US reps discuss Baltimore's violent crime with city leaders
BALTIMORE (AP) — Maryland's congressional delegation has met with Baltimore's leadership over ways to reduce violent crime in the city.
Baltimore is among just over a dozen U.S. localities targeted by a White House plan aimed at curbing gun violence.
Baltimore is on track so far this year to record more than 300 annual homicides for the seventh year in a row.
Maryland’s biggest city has made scant progress stemming high rates of bloodshed that began in a 2015 surge and hasn’t abated.
At City Hall, Sen. Ben Cardin said there are no simple answers.
He said the federal delegation will work in partnership with Baltimore’s leaders on the issue.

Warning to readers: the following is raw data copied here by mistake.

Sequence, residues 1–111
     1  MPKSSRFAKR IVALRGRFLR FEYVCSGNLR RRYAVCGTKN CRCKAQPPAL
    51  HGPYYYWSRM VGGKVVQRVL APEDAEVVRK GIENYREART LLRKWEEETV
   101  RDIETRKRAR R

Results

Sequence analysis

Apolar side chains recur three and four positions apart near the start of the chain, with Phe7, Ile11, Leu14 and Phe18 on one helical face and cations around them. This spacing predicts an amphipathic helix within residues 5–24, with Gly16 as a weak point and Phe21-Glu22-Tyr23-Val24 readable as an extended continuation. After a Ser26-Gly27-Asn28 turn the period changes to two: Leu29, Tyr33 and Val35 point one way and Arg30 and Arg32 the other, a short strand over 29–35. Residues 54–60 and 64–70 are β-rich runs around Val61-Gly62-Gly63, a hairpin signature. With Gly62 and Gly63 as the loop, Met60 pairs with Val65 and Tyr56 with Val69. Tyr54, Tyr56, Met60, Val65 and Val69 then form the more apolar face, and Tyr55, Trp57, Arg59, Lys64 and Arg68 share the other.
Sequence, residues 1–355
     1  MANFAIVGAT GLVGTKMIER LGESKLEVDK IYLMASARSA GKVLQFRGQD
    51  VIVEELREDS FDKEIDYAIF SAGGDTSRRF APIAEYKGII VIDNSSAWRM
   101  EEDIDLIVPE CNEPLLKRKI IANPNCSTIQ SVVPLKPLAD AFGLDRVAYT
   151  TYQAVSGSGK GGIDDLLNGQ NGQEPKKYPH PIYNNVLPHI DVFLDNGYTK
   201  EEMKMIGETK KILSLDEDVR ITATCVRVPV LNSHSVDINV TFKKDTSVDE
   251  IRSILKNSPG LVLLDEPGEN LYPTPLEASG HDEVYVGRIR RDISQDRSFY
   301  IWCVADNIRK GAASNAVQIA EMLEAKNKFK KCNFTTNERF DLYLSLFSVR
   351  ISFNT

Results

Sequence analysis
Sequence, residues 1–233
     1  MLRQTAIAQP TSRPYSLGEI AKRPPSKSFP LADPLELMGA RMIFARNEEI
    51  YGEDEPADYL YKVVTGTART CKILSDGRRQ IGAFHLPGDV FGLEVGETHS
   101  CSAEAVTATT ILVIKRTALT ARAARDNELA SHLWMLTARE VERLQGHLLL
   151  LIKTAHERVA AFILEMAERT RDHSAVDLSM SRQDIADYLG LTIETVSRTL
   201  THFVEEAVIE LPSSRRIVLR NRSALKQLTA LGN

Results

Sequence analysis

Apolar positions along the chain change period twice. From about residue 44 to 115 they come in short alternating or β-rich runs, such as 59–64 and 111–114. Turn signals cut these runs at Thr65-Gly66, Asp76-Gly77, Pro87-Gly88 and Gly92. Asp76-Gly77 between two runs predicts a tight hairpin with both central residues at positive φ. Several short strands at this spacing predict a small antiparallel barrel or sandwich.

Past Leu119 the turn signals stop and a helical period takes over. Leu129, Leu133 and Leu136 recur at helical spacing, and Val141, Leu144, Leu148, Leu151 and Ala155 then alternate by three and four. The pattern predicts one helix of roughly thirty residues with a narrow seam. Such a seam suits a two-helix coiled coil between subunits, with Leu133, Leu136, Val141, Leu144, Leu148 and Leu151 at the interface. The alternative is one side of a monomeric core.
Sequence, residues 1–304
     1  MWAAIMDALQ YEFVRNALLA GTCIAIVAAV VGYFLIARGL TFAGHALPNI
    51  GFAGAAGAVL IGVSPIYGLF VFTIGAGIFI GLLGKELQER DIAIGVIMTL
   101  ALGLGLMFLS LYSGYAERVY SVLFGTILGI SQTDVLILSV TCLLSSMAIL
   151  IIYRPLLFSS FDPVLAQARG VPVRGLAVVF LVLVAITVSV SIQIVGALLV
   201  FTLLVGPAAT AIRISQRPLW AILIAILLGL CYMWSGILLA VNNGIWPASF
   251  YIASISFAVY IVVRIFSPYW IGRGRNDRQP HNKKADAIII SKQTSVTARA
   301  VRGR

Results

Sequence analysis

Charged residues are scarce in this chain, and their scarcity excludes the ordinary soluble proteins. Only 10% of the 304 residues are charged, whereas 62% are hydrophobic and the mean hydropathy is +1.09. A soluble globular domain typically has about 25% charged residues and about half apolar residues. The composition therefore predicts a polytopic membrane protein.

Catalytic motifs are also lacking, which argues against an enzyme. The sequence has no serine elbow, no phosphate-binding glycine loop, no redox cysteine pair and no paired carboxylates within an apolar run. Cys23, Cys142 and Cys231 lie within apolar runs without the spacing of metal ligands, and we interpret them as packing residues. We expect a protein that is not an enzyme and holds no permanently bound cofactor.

Today #TeamMaryland joined w/@MayorBMScott, Baltimore Police Commissioner Harrison @USBPChiefNLL, and Acting U.S. Attorney Lenzner to discuss ways we can work together to reduce gun violence in Baltimore City. @Call_Me_Dutch @RepSarbanes @RepKweisiMfume @ChrisVanHollen pic.twitter.com/SUIYrt1uul— Senator Ben Cardin (@SenatorCardin) July 12, 2021
Today, I hosted Baltimore’s federal delegation at City Hall to discuss the roles we all play in reducing violent crime. It will take all of us to build a safer Baltimore, and I look forward to strengthening these partnerships. pic.twitter.com/6XM8ULdt0G— Brandon M. Scott (@MayorBMScott) July 12, 2021